rock2a overexpression impedes mesoderm induction activity of Nodal signals
The next issue to investigate was whether rock2a inhibited mesoderm induction by antagonizing Nodal signaling in zebrafish embryos. As reported before (Rebagliati et al., 1998), overexpression of squint (sqt), a zebrafish Nodal gene, caused dramatic expansion of gsc, chd and ntl expression domains at the sphere stage (Fig. 5A). The inductive effect of sqt was obviously compromised by co-injection of rock2a mRNA. Zebrafish taram-a encodes a TGFβ-related type I receptor required for Nodal signaling, and overexpression of its constitutively active form tar* induces mesendodermal marker expression (Aoki et al., 2002; Renucci et al., 1996). We found that induction of gsc, chd and ntl expression by injection of tar* mRNA was also inhibited by co-injection of rock2a mRNA (Fig. 5B). Lefty1 (also known as Antivin) is a potent antagonist of Nodal ligands, and its overexpression in zebrafish embryos eliminates the formation of most mesendodermal tissues (Cheng et al., 2000; Thisse and Thisse, 1999). When 10 pg of lefty1 mRNA was injected, the expression levels of gsc, chd and ntl were decreased at the sphere stage (Fig. 5C). When the same amount of lefty1 mRNA was co-injected with 200 pg of rock2a mRNA, most of the injected embryos showed further decrease in the expression levels of these markers. Taken together, these data indicate that rock2a overexpression is able to block mesoderm induction by ectopic Nodal signaling and to enhance the inhibitory effect of lefty1 on mesoderm induction in vivo.
To obtain direct evidence of the effects of rock2a on Nodal signaling in fish embryos, we examined phosphorylated Smad2 levels after overexpression of sqt and rock2a. As shown in Fig. 5D, injection of sqt mRNA led to an increase in the phospho-Smad2 levels, but co-injection with rock2a mRNA compromised the stimulatory effect of sqt, while the total amount of Smad2 remained comparable. These results demonstrate that rock2a downregulates the Nodal signaling upstream of Smad2 phosphorylation in fish embryos, which is consistent with the fact that Rock2 accelerates the turnover of TGFβ receptors in mammalian cells.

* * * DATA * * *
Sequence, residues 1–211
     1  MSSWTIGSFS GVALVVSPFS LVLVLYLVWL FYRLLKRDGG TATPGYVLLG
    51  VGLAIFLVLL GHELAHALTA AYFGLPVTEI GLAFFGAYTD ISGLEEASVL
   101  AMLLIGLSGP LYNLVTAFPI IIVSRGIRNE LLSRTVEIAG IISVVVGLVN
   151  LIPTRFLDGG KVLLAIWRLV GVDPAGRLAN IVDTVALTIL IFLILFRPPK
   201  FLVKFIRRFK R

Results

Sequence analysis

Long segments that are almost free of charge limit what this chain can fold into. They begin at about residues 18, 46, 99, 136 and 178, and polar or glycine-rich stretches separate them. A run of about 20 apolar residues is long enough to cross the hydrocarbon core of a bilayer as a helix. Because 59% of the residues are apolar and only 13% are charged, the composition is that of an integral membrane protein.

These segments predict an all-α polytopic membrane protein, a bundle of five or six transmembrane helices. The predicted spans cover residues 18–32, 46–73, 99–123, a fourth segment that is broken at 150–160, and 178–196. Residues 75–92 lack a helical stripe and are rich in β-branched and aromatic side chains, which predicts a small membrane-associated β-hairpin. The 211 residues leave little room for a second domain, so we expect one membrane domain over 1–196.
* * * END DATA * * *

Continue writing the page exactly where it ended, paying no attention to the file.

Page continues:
Endogenous Rock2 is required for mesendoderm induction in zebrafish embryos
A previous study carried out by Marlow and coworkers (Marlow et al., 2002) indicated that knockdown of rock2a with antisense morpholino oligonucleotides in zebrafish embryos fails to cause any detectable phenotypes, probably due to the presence of the abundant maternal deposit of Rock2 proteins (Marlow et al., 2002). Because the dominant negative mutant dnrock2a can attenuate the degradation of TGFβ receptor by interfering with endogenous ROCK2 in mammalian cells (Fig. 3F), we evaluated the biological function of endogenous Rock2 proteins by injecting dnrock2a mRNA into one-cell embryos and examining gsc, chd and ntl expression using whole-mount in situ hybridization and quantitative RT-PCR analysis at the sphere stage. In situ patterns of these markers were not altered obviously by dnrock2a overexpression (data not shown). However, quantitative RT-PCR analysis revealed that overexpression of dnrock2a resulted in significant increases in ntl and chd transcript levels, although the gsc transcript level was only marginally increased (Fig. 6A). These results suggest that endogenous Rock2 is required for mesoderm induction during the early development of zebrafish embryos.
We also took another approach, dnrock2a and lefty1 co-injection, to investigate the requirement of endogenous Rock2 for mesendoderm induction. As shown in Fig. 6B,B', lefty1-induced reduction of gsc, ntl and chd expression at the sphere stage was compromised by co-injection of dnrock2a mRNA. Overexpression of lefty1 led to reduction of the expression of the endodermal marker sox32 (also a Nodal target) at the 75% epiboly stage and of ntl expression in the axial mesoderm at the bud stage, but caused expansion of the expression domains of the ventral ectodermal marker gata2 at the 80% epiboly stage (Fig. 6C,C'). These effects of lefty1 overexpression were also alleviated by co-expression of dnrock2a. Our observations support the idea that endogenous Rock2 proteins play an inhibitory role in mesendoderm induction during zebrafish embryogenesis.
Rock2 inhibits TGFβ signaling independent of Dpr2